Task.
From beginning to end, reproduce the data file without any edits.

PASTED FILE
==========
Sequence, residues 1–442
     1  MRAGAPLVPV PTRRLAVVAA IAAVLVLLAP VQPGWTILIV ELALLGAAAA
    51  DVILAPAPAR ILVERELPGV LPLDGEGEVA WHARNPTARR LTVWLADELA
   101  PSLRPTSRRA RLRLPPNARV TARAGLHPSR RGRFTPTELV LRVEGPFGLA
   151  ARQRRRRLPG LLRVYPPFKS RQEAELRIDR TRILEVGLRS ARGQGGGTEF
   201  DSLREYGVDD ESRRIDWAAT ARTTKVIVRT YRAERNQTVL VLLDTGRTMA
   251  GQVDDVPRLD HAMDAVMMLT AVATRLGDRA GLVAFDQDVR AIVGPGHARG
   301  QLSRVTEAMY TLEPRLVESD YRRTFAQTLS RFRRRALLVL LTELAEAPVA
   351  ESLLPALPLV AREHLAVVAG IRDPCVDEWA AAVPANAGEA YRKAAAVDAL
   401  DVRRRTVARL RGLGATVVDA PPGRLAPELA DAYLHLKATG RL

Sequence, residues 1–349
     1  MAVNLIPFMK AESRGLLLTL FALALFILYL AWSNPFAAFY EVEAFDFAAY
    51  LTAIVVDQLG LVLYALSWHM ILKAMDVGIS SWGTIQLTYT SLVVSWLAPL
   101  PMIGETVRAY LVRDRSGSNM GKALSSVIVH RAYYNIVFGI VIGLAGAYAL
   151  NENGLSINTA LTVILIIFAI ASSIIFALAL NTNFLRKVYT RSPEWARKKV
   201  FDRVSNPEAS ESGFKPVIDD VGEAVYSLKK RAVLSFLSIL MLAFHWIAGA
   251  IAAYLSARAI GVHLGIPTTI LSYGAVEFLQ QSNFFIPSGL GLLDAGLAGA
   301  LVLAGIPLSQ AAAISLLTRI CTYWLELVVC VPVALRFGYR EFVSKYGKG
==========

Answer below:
Sequence, residues 1–442
     1  MRAGAPLVPV PTRRLAVVAA IAAVLVLLAP VQPGWTILIV ELALLGAAAA
    51  DVILAPAPAR ILVERELPGV LPLDGEGEVA WHARNPTARR LTVWLADELA
   101  PSLRPTSRRA RLRLPPNARV TARAGLHPSR RGRFTPTELV LRVEGPFGLA
   151  ARQRRRRLPG LLRVYPPFKS RQEAELRIDR TRILEVGLRS ARGQGGGTEF
   201  DSLREYGVDD ESRRIDWAAT ARTTKVIVRT YRAERNQTVL VLLDTGRTMA
   251  GQVDDVPRLD HAMDAVMMLT AVATRLGDRA GLVAFDQDVR AIVGPGHARG
   301  QLSRVTEAMY TLEPRLVESD YRRTFAQTLS RFRRRALLVL LTELAEAPVA
   351  ESLLPALPLV AREHLAVVAG IRDPCVDEWA AAVPANAGEA YRKAAAVDAL
   401  DVRRRTVARL RGLGATVVDA PPGRLAPELA DAYLHLKATG RL

Sequence, residues 1–349
     1  MAVNLIPFMK AESRGLLLTL FALALFILYL AWSNPFAAFY EVEAFDFAAY
    51  LTAIVVDQLG LVLYALSWHM ILKAMDVGIS SWGTIQLTYT SLVVSWLAPL
   101  PMIGETVRAY LVRDRSGSNM GKALSSVIVH RAYYNIVFGI VIGLAGAYAL
   151  NENGLSINTA LTVILIIFAI ASSIIFALAL NTNFLRKVYT RSPEWARKKV
   201  FDRVSNPEAS ESGFKPVIDD VGEAVYSLKK RAVLSFLSIL MLAFHWIAGA
   251  IAAYLSARAI GVHLGIPTTI LSYGAVEFLQ QSNFFIPSGL GLLDAGLAGA
   301  LVLAGIPLSQ AAAISLLTRI CTYWLELVVC VPVALRFGYR EFVSKYGKG